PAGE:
The focus of this blog is construction-related topics. The purpose is discussion, so please feel free to comment! See Specific thoughts for thoughts from the daily life of a specifier.

29 December 2009

Sensible Stimulus

infrastructure: the roads, bridges, rail lines, power grid, and similar public works that are required for an industrial economy to function

I know enough about government to never expect too much, but when the federal stimulus package was proposed, I envisioned a large investment in highways, bridges, dams, and other civil works projects. I won’t pretend to understand the economics or details of the public works programs of the 1930s, but there are countless examples of well-designed, useful, long-lasting projects of the Works Progress Administration (WPA) and Civilian Conservation Corps (CCC). My own state, Minnesota, has numerous state park buildings, highways, dams, bridges, and utilities that were built seventy years ago and remain in service today.

The subject of my article, “Return on Investment”, was the ancient buildings I saw while on vacation in Europe, and how they continue to be useful today. This month, we’ll look at more recent construction, particularly the infrastructure that supports our lifestyle.

Return on Investment

maintain: to keep in an existing state of repair; to preserve from failure or decline

Although logic tells us our world is built on the past - the inspiration, artistry, genius, and brute labor of our predecessors - it’s easy to forget what has gone before and accept everything we see as normal. If we occasionally took the time reflect on the wonders around us, or the long chain of events that led to their creation, we might better appreciate what we have, and plan better for the future.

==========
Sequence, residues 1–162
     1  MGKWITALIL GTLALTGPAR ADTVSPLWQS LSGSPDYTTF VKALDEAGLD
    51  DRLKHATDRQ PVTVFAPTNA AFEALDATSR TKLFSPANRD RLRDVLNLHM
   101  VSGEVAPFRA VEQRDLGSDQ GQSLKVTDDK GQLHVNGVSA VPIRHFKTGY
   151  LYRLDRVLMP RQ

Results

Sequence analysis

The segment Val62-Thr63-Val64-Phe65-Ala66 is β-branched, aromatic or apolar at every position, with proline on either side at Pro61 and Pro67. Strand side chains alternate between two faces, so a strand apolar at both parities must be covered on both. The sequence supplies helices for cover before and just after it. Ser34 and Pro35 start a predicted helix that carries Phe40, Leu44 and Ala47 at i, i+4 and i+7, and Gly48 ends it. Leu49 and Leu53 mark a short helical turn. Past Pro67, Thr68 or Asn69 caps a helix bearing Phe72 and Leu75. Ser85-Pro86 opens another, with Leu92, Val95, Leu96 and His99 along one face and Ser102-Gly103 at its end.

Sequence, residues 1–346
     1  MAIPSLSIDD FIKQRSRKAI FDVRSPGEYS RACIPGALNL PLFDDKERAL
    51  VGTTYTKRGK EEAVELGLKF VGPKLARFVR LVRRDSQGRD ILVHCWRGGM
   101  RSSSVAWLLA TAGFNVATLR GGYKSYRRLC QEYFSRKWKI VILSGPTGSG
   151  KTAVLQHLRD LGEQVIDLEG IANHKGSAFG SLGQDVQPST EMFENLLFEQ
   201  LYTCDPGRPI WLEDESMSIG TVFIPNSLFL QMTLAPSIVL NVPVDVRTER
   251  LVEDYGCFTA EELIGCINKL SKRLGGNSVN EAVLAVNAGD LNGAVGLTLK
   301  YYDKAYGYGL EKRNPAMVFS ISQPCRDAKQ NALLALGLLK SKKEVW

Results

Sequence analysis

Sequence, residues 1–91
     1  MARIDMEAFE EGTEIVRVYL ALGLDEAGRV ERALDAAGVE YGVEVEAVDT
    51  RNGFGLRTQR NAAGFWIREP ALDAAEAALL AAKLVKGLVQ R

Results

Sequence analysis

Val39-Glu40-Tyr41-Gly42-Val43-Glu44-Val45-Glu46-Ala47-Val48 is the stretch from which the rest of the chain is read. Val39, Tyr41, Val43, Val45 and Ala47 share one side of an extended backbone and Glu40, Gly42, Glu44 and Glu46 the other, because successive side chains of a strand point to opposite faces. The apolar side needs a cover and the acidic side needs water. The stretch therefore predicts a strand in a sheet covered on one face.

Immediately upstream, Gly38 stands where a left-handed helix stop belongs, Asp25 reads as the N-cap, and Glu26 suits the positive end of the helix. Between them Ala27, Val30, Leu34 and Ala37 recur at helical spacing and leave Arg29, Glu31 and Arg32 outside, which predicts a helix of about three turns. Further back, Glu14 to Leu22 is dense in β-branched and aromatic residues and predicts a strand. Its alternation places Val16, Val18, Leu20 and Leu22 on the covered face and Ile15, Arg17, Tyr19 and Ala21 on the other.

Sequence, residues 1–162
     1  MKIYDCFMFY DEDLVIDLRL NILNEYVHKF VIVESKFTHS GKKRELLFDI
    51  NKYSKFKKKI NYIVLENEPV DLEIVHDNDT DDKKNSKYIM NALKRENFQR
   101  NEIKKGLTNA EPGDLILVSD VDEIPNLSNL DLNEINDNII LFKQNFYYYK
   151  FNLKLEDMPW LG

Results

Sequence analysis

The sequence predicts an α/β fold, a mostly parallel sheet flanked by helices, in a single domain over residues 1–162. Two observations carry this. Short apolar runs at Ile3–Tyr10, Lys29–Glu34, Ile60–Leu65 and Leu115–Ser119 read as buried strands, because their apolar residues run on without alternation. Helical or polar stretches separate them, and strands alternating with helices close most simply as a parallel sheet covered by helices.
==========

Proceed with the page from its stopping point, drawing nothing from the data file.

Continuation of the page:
06 December 2009

A Rose is a Rose

What's in a name? that which we call a rose
By any other name would smell as sweet
     William Shakespeare

On your next Institute ballot you will be asked to vote on elimination of the Professional, Industry, and Associate Member categories. Other than a vague suggestion that the result “better reflects CSI’s core value of building teamwork” - a questionable proposition in itself - I’m not sure what the justification will be, but I don’t believe the benefits outweigh the cost.

To put this issue in perspective, let’s take a look at the history of CSI member categories. (To make things easier, I will refer to these three member categories as “full members” to distinguish them from Intermediate Members and Student Members, who are not allowed to vote or hold elective office. And to avoid having to continually express this exception, I acknowledge that member categories are used when discussing the makeup of CSI boards of directors and committees.)